In the short 3 day visit, I managed to squeeze in a sufficient amount of time to re-aquaint myself with the city. Here are some of my main recommendations along with my photo diary: 

Walked the 300 steps up to the top of the hill where the temple, Wat Doi Suthep, is located
Khao soi is a must-try in Chiang Mai
Dhara Devi Hotel is an old temple ground transformed into a luxurious hotel. Walk around the property to appreciate the beauty of ancient temple ruins juxtaposed against the modern hotel
Dhara Devi Hotel: The remnants of an old temple wall artfully assimilated into a 
luxury hotel with modern vibes
Wat Doi Suthep temple is beautiful and a striking color of gold in the morning light
Pretty little knick-knacks at the Saturday night market
Some restaurant recommendations:
David's Kitchen is ranked the #1 best restarant in Chiang Mai...and for good reason too! It's serves up fusion/modern Thai and Western cuisine set in a cozy home. You'll love the intimate setting and the highly personalized service. Be sure to make reservations in advance! 

Khao Soi Lam Duan for the traditional Khao Soi soup noodle dish. It is traditional a northern "Isaan" Thai cuisine. This restaurant is a shack literally but the taxis/tuk tuk drivers know about it. There are several other khao soi places around town and I'm sure they're great as well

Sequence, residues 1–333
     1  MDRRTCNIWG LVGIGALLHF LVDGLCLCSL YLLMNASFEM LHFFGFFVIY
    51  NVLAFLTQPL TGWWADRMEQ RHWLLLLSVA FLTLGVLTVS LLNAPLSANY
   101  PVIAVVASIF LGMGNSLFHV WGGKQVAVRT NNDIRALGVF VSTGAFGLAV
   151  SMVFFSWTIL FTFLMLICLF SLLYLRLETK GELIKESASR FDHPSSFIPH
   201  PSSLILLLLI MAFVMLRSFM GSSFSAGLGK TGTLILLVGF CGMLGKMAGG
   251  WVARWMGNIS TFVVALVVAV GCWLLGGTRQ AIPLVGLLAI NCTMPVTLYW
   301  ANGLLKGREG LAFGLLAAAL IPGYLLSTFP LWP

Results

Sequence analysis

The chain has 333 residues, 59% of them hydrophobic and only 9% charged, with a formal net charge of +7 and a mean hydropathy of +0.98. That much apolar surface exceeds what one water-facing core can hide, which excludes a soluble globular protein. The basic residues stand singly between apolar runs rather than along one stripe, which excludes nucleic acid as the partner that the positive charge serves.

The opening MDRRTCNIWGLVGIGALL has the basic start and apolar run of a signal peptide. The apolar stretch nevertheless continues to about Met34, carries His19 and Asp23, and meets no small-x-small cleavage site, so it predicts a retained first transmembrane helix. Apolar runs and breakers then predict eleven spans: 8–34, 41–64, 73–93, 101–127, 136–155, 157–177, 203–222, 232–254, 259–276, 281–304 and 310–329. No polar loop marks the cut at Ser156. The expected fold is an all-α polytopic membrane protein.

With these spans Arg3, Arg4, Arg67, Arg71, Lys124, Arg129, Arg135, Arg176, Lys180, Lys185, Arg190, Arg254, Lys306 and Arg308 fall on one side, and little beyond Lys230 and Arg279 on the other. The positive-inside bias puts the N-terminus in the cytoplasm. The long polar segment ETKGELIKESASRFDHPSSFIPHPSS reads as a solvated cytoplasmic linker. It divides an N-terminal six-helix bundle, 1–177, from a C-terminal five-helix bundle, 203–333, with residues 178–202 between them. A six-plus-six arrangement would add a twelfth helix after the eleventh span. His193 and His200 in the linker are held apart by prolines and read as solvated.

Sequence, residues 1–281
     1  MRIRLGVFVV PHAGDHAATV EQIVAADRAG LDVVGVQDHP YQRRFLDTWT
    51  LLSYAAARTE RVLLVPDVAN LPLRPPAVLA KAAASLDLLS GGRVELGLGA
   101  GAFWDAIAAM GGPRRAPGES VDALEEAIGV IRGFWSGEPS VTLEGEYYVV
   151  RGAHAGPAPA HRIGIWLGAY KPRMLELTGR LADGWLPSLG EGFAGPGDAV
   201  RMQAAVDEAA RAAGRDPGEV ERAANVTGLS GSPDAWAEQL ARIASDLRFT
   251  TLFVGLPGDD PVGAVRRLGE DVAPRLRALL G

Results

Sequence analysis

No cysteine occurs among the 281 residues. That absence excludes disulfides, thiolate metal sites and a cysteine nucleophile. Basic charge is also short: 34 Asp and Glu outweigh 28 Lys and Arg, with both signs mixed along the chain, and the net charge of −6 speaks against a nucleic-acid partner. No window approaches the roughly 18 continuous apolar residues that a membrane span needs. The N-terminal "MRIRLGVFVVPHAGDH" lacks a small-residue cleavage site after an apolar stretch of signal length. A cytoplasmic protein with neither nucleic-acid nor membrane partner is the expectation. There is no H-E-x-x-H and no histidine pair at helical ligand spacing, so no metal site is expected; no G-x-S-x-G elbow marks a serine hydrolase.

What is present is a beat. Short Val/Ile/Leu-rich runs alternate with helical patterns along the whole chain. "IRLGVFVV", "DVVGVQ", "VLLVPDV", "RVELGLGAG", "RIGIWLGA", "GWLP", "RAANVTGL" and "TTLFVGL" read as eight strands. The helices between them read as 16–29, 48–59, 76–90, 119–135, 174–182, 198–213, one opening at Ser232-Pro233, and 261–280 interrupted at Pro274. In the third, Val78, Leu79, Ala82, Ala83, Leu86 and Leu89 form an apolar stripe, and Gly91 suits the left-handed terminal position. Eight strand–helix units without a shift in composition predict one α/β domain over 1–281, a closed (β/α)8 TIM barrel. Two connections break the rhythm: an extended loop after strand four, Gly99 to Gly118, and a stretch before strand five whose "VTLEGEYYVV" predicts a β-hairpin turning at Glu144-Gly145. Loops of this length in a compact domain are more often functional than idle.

Dhara Devi Hotel for drinks at the bar. It's a temple converted into a luxury hotel and while most of us can't afford to stay there, it's definitely worth a visit to walk around the beautiful property with its mysterious vibes followed by drinks at the hotel bar. I suggest visiting after 6pm when the sun is setting, making for prime time picturesque shots

Temple visits: 
Wat Doi Suthep is a 25-30 min drive outside the city center. I suggest waking up early and going around 6am. It's on a hilltop and you'll get a spectacular view of the city below. 

Wat Chedi Luang and some other smaller temples are located within the city. You can cover them relatively quickly within a couple hours

Night markets: I usually find the night markets overly touristy so I would avoid it. However, I did enjoy the Saturday night market which has a mix of everything, including traditional Thai souvenirs, silver jewelry and other trinkets. There is a Sunday night market as well.

Other activities to do in Chiang Mai:
Nimmanhaemin Road is an awfully cumbersome name but this hipster neighborhood is worth visiting for its local boutiques and cafes/restaurants. For vegetarians like me out there, there is a restaurant called Ancharn Vegetarian Restaurant that is worth visiting and well rated by TripAdvisor

Visit the Elephant Nature Park to take a ride on the elephants. While I haven't visited this place personally, I hear good things about it. It's a rescue and rehabilitation center for elephants so you can rest assured that our trunky friends are treated well.

Flight of the Gibbons is a zipline canopy tour if you're looking for an adrenaline rush

Spa it up! There are lots of spas/massage places of all price ranges. While I don't have a specific one to recommend, most are usually okay to good in terms of quality.

Getting around: 
The taxis aren't metered but you can get to most places for around 200-300 baht. Tuk tuks are cheaper than taxis if you're willing to brave the heat!